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Nat Commun. 2014 Sep 2;5:4691. doi: 10.1038/ncomms5691.

Loss of PIKfyve in platelets causes a lysosomal disease leading to inflammation and thrombosis in mice.

Author information

1
Department of Medicine, University of Pennsylvania School of Medicine, Philadelphia, Pennsylvania 19104, USA.
2
Division of Hematology, The Children's Hospital of Philadelphia, Philadelphia, Pennsylvania 19104, USA.
3
Proteomics Core, The Children's Hospital of Philadelphia, Philadelphia, Pennsylvania 19104, USA.
4
Department of Pharmacology, University of Pennsylvania School of Medicine, Philadelphia, Pennsylvania 19104, USA.
5
Department of Pathology and Laboratory Medicine, The Children's Hospital of Philadelphia and the University of Pennsylvania School of Medicine, Philadelphia, Pennsylvania 19104, USA.
6
Department of Pathology, St Jude Children's Research Hospital, Memphis, Tennessee 38105, USA.

Abstract

PIKfyve is essential for the synthesis of phosphatidylinositol-3,5-bisphosphate [PtdIns(3,5)P2] and for the regulation of endolysosomal membrane dynamics in mammals. PtdIns(3,5)P2 deficiency causes neurodegeneration in mice and humans, but the role of PtdIns(3,5)P2 in non-neural tissues is poorly understood. Here we show that platelet-specific ablation of PIKfyve in mice leads to accelerated arterial thrombosis, and, unexpectedly, also to inappropriate inflammatory responses characterized by macrophage accumulation in multiple tissues. These multiorgan defects are attenuated by platelet depletion in vivo, confirming that they reflect a platelet-specific process. PIKfyve ablation in platelets induces defective maturation and excessive storage of lysosomal enzymes that are released upon platelet activation. Impairing lysosome secretion from PIKfyve-null platelets in vivo markedly attenuates the multiorgan defects, suggesting that platelet lysosome secretion contributes to pathogenesis. Our findings identify PIKfyve as an essential regulator for platelet lysosome homeostasis, and demonstrate the contributions of platelet lysosomes to inflammation, arterial thrombosis and macrophage biology.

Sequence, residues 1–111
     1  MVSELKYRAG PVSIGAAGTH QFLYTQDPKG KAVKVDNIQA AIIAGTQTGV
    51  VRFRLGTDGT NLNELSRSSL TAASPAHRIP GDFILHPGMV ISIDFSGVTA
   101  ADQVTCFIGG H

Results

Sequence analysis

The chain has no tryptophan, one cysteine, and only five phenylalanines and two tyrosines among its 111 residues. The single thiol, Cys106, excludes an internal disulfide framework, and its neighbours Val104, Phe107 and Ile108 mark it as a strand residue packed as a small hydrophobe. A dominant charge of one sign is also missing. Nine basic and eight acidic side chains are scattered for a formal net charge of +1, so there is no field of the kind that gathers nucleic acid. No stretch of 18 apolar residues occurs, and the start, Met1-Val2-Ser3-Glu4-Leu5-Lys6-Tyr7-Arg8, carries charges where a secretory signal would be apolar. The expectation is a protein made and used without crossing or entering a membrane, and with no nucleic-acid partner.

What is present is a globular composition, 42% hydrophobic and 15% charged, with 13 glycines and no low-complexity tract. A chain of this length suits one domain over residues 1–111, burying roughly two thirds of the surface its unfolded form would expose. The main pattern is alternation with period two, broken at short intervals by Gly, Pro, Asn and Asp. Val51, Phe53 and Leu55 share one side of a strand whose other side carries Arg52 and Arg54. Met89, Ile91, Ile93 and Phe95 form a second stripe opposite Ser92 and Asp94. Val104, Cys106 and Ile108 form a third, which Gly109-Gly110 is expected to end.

PMID:
25178411
PMCID:
PMC4369914
DOI:
10.1038/ncomms5691
[Indexed for MEDLINE]
Free PMC Article

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